Three storylines from Dover race

To me, Sunday’s race was kind of a typical Dover race. We had five cautions, but we had some long green-flag runs that equated to a couple of sets of green-flag pit stops.

The three big storylines that I took out of it:

1. We had a driver that led more than 300 laps of this race. If you look at the first eight years of the Chase, a Chase driver always won the Dover race. But it almost looked like Sunday we might have been headed to a non-Chase driver winning here with Kyle Busch. He led 302 laps, but unfortunately fuel mileage became a player at the end with the next-to-last caution coming with 92 laps to go and his team could not even come close to making it.

I think if they’d been fairly close, they would have rolled the dice. What do you really have to lose if you’re not a Chase driver? But he had to hit pit road with 11 laps to go, and the guy that seems to be the best at saving fuel and the team that seems to do the best job of getting the best fuel mileage, they win the race.

2. To me, a defining moment of this race was when that first caution came out on Lap 69 for debris off of J.J. Yeley’s No. 36 car. We were about two-thirds of the way through green-flag pit stops and the caution waves and we only have six drivers on the lead lap. We had a ton of drivers that were two laps down because they had just made a green-flag pit stop. It’s hard to make a green-flag pit stop at Dover and not go two laps down, and the only way these guys were able to get their laps back was by virtue of the wave-around and then, one by one, again not having a ton of cautions, but one by one getting the free pass. So when you look at Mark Martin, who finished third, he got the free pass. Carl Edwards, who finished fifth, took the wave-around or got the free pass. Martin Truex Jr., who finished sixth, got the free pass. So obviously the free pass and the wave-around played a pretty major role in this race today.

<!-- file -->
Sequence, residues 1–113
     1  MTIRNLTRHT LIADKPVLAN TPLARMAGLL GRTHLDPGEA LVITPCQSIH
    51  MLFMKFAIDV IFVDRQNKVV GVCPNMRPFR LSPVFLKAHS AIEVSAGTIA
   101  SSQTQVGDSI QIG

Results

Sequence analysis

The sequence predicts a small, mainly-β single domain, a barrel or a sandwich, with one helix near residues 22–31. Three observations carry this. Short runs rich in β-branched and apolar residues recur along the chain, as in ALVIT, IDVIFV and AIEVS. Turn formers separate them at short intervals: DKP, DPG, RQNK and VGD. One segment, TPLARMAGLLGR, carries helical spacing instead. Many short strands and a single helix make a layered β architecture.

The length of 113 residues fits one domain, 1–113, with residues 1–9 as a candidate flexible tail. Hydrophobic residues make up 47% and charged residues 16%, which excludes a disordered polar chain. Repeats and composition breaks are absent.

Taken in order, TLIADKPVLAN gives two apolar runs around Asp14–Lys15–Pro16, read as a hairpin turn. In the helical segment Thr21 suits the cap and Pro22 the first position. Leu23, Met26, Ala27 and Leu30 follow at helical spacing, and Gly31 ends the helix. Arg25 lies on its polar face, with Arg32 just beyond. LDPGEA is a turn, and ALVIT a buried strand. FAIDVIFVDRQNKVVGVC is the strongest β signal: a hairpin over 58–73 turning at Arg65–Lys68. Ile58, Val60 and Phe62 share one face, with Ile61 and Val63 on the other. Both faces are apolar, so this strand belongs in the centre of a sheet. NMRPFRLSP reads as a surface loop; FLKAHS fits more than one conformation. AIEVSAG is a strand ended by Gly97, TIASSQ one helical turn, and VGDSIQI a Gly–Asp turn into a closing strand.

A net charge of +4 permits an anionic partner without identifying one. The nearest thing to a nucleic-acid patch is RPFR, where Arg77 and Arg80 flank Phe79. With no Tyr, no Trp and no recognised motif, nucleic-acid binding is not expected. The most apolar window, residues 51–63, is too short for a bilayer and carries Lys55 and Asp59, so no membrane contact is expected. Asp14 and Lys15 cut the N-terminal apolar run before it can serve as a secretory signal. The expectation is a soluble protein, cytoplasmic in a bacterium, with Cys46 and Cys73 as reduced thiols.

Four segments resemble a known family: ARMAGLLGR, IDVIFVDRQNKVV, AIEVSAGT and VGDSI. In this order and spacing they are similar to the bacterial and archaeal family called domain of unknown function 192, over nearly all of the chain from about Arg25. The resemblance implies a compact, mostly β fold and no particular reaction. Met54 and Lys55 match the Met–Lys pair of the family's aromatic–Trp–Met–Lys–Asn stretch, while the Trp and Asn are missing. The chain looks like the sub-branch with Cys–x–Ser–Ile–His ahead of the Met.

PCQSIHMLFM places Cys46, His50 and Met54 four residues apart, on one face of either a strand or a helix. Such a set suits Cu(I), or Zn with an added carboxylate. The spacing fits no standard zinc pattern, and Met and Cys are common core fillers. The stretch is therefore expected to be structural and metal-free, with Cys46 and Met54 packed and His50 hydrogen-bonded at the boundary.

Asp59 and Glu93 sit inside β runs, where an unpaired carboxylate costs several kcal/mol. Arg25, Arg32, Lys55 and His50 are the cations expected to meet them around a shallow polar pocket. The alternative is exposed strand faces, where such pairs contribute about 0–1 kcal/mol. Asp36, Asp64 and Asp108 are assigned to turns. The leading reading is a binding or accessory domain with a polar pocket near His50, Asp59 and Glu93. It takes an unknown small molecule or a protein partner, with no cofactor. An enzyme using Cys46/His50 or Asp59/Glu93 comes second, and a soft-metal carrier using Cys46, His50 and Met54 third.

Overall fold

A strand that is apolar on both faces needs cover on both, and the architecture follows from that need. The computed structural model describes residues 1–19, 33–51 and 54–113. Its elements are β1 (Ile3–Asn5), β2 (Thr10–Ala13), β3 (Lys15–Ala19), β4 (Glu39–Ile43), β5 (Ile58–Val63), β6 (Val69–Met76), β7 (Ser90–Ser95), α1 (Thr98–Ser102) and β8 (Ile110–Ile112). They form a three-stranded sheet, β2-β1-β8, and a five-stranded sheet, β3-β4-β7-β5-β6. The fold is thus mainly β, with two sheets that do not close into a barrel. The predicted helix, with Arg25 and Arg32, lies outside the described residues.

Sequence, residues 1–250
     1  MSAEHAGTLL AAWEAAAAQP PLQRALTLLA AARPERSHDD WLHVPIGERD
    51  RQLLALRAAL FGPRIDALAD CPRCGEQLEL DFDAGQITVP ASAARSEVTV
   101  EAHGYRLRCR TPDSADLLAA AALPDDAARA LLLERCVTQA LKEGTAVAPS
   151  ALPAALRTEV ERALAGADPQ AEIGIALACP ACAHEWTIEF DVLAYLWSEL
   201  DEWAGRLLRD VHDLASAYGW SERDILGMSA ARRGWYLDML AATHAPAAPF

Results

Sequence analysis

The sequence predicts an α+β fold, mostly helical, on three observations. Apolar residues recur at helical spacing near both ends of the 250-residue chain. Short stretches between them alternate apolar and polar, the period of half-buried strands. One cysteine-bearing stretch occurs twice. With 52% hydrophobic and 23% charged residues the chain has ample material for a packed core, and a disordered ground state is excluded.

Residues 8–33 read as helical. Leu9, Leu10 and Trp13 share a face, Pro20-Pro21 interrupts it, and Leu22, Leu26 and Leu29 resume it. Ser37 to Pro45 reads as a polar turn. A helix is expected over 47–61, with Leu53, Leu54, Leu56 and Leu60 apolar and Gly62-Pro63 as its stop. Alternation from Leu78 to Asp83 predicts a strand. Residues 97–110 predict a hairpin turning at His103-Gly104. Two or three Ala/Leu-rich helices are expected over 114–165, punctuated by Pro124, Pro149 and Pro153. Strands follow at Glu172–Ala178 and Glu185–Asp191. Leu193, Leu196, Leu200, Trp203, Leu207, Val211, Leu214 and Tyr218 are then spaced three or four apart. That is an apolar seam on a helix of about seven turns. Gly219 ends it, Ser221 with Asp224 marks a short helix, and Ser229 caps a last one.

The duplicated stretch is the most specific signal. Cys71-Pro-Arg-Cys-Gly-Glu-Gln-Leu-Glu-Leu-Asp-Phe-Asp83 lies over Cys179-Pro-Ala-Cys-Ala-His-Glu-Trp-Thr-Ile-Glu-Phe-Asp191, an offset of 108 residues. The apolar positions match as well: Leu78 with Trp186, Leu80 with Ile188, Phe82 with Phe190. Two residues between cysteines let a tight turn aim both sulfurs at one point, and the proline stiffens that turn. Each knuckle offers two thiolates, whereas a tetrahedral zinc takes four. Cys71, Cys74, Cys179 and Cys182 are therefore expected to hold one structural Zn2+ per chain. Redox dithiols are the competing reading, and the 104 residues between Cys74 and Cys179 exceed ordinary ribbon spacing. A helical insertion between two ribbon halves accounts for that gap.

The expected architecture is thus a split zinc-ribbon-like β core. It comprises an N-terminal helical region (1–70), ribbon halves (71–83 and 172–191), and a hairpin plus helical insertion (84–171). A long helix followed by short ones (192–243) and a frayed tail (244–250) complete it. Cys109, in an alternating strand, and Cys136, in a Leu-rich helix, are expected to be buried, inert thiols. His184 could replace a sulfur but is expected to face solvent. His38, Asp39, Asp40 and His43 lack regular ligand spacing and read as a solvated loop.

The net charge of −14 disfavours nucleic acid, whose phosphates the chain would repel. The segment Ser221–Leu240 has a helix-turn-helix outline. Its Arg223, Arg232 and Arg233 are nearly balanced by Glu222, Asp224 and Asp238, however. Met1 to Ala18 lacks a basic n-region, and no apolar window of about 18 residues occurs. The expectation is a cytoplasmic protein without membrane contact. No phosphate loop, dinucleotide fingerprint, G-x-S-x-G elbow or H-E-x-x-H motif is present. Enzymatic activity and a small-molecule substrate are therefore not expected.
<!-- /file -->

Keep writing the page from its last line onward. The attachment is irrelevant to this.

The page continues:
It was certainly a typical Dover race. I’m not sure that caution that burnt a tremendous amount of drivers was a game-changer with respect to who won the race, as I think we still had the best drivers up there battling for the lead at the end. But then, of course, fuel mileage definitely came into play and made some drivers have to pit, like Busch and Denny Hamlin, and made some drivers really have to slow their pace down, like Jimmie Johnson.

3. These non-Chase drivers aren’t going out without a fight.

Martin qualified 26th, which was actually a pretty big surprise, and he actually got the free pass one time and finished third. That No. 55 team of Michael Waltrip Racing just continues to amaze me with the fact that crew chief Rodney Childers and that group are working with three different drivers and just continuing to click these top finishes off. They had a great run last week with Brian Vickers, and then they’re going to have Michael Waltrip at Talladega. Any time you put Waltrip in a car at a restrictor-plate race, you know you can be a contender and certainly have the potential to go to Victory Lane.

And then Joey Logano finished 10th. That’s his third consecutive top-10 finish in these Chase races, so we’re still seeing, even though it’s been all about these Chase drivers going to Victory Lane, we’re still seeing some non-Chase racers make a little bit of noise. One of them almost made a lot of noise Sunday, and that was Busch.